It’s hard to reduce tax breaks in Washington state, but lawmakers now have an easier path to scaling back one of them.
House Republican leaders threw their support Wednesday behind a plan to narrow a tax break for big banks, an idea they unanimously voted to defeat less than a year ago.
“We’ve looked into this,” said House GOP Leader Richard DeBolt. “It is not in the best interest of the state of Washington to pursue (the tax break) anymore.”
Republicans are in the minority, but Democrats need their votes because it takes a two-thirds supermajority to raise taxes.
House Republicans are also looking at other tax exemptions they say could be ripe for closure, such as breaks for wind turbines and other alternative energy sources.
But the exemption for banks might be the most well-known of the hundreds of ways the state gives special tax treatment to businesses or groups. For years, opponents have criticized it as a giveaway to bankers.
Washington is the only state that doesn’t charge taxes on interest earned by banks on a home’s first mortgage, say its legislative champions.
But Washington raised other taxes that hit banks in 2010, and bank lobbyists have made a stand on preserving the business-and-occupation tax exemption, saying they have given enough.
Republicans now support keeping the mortgage exemption for smaller banks but ending it for five big, multistate institutions: Wells Fargo, Citi, KeyBank, J.P. Morgan Chase and Bank of America.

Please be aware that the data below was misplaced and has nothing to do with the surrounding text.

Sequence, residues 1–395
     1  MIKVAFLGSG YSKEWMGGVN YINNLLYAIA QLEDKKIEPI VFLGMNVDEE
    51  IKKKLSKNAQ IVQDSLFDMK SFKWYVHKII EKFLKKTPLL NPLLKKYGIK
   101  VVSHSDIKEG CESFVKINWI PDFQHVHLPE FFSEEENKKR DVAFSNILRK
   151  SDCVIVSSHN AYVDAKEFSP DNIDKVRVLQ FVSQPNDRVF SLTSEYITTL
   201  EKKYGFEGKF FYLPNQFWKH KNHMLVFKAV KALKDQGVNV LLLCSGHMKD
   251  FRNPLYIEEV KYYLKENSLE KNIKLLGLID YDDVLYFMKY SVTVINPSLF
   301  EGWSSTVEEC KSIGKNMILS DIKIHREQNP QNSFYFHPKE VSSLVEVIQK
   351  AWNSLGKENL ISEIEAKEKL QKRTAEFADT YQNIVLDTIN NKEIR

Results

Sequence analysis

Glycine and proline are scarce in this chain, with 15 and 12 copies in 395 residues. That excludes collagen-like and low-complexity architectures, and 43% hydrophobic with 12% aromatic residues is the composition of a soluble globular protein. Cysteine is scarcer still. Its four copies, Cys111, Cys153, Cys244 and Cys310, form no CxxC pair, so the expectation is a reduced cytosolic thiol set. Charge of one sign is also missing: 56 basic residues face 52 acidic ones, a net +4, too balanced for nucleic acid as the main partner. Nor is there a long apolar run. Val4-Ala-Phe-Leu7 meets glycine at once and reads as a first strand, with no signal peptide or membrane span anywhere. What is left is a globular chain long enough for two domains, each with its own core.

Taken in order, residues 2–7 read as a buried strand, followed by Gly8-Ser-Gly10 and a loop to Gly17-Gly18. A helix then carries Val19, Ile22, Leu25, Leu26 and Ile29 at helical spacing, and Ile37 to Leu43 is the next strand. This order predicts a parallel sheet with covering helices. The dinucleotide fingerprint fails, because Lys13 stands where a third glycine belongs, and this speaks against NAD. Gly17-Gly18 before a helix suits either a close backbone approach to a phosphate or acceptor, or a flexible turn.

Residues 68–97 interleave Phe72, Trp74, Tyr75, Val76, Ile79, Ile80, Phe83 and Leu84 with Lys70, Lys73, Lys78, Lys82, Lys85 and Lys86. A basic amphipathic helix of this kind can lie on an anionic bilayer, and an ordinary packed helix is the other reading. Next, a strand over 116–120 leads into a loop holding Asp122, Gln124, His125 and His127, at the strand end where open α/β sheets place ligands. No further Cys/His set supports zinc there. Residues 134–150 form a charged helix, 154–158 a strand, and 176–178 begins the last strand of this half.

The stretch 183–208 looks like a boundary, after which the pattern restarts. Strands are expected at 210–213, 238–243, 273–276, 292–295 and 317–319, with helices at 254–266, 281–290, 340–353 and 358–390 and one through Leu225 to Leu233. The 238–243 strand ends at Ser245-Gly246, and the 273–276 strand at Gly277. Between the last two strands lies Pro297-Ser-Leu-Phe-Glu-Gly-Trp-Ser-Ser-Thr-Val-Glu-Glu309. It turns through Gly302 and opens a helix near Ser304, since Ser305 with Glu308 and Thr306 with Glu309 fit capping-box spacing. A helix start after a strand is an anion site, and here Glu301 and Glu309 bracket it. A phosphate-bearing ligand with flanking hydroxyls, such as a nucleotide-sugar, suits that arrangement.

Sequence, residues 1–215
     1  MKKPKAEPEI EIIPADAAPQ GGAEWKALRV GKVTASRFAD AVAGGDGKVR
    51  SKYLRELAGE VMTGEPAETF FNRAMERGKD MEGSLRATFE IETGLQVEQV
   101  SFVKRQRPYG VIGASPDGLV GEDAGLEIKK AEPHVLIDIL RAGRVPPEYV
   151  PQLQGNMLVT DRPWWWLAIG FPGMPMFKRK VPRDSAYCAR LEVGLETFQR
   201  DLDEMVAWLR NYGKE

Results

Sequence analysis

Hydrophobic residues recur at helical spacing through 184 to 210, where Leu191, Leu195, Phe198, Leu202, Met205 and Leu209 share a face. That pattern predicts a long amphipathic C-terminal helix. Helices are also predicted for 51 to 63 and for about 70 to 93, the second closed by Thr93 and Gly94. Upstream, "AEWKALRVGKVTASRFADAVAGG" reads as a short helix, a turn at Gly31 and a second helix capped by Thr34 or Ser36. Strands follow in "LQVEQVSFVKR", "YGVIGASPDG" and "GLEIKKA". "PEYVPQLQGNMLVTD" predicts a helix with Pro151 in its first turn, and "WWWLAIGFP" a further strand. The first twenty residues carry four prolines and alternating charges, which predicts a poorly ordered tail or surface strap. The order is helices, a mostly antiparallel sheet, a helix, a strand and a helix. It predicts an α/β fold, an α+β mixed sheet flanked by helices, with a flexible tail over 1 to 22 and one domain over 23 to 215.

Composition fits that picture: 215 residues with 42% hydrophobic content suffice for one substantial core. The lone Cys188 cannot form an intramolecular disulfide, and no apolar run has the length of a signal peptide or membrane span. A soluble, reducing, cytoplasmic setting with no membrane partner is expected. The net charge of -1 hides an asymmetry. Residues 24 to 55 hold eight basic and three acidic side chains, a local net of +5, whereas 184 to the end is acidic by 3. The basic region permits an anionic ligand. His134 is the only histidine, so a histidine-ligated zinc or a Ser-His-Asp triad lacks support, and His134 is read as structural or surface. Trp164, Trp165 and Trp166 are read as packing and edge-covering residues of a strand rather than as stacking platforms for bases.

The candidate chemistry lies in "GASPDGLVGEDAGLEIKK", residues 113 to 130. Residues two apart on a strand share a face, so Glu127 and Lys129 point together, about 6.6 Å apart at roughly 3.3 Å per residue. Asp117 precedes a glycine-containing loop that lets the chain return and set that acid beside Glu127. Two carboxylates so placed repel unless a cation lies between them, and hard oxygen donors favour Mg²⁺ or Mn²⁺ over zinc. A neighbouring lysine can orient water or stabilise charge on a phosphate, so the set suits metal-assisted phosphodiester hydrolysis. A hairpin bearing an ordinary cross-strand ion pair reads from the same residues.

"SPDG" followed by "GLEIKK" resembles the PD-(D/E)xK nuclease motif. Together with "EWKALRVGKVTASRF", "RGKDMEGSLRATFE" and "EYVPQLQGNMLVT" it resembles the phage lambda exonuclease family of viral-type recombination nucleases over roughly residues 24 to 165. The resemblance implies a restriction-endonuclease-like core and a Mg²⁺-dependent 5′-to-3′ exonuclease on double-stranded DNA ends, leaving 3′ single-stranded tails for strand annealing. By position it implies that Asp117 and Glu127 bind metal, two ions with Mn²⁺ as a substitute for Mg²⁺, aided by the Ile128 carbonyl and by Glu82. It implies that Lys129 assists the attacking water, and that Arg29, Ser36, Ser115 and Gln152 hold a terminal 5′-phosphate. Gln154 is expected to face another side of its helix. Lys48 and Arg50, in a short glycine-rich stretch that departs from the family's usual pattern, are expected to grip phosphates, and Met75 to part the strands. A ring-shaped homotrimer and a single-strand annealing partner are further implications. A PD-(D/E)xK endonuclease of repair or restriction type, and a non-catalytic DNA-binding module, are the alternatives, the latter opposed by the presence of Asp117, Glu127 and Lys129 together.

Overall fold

The change would raise about $18 million for the current state budget, helping a bit with a shortfall of more than $1 billion. But DeBolt said it should be done as part of government reform and not to save money.
Republicans locked arms last May against a similar proposal from Tacoma Rep. Laurie Jinkins and other freshman House Democrats.
Republicans argued at the time that the exemption helps home buyers.
Since then, DeBolt and Rep. Kevin Parker of Spokane say they have studied data showing big banks aren’t doing enough to pass along the savings. They said community banks do better.
Among the evidence Republicans say they have seen: a study by legislative auditors saying it’s unclear if the 1970 tax break is fulfilling its goal after decades of changes in the lending industry.
The GOP also says the $25 billion settlement negotiated by state attorneys general including Washington’s Rob McKenna has shown the poor lending practices of big banks.
“I’m glad they’ve seen the light,” Jinkins said Wednesday.
Dave Fisher, a spokesman for the Washington Bankers Association, said the industry pays Washington about $350 million in taxes a year – and the amount is growing.
“Over the last couple years, the bank tax burden has basically doubled. We’re not aware of any other industry that’s faced that kind of increase,” Fisher said.
He couldn’t provide a before-and-after comparison of banks’ tax bills. But he said one of two major 2010 tax increases affecting banks is costing them an average of about $170 million a year.
Both the House and Senate are tentatively taking steps in the direction of targeting some tax breaks.
Senate leaders from both parties say they are trying to see if they can find agreement on any tax changes that would require two-thirds votes. Republicans’ budget writer, Sen. Joe Zarelli, is working on such tax proposals but declined to say if the bank exemption is one of those.
In 2010, senators couldn’t summon even a simple majority to limit the bank tax exemption. Now they need a supermajority.
A new state revenue forecast will be released today. For details, go to thenewstribune.com.